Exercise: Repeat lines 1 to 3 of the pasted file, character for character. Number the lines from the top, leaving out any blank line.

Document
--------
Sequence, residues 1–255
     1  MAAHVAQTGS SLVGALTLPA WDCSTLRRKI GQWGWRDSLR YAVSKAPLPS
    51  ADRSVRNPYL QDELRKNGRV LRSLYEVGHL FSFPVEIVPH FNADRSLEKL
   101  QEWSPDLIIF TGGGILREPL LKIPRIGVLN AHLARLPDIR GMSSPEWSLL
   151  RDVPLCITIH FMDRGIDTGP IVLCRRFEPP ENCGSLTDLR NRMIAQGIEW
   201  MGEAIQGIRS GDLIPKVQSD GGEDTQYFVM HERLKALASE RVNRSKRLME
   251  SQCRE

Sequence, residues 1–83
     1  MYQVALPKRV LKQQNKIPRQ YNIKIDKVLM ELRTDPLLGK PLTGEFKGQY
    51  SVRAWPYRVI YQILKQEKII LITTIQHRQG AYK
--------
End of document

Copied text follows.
Sequence, residues 1–255
     1  MAAHVAQTGS SLVGALTLPA WDCSTLRRKI GQWGWRDSLR YAVSKAPLPS
    51  ADRSVRNPYL QDELRKNGRV LRSLYEVGHL FSFPVEIVPH FNADRSLEKL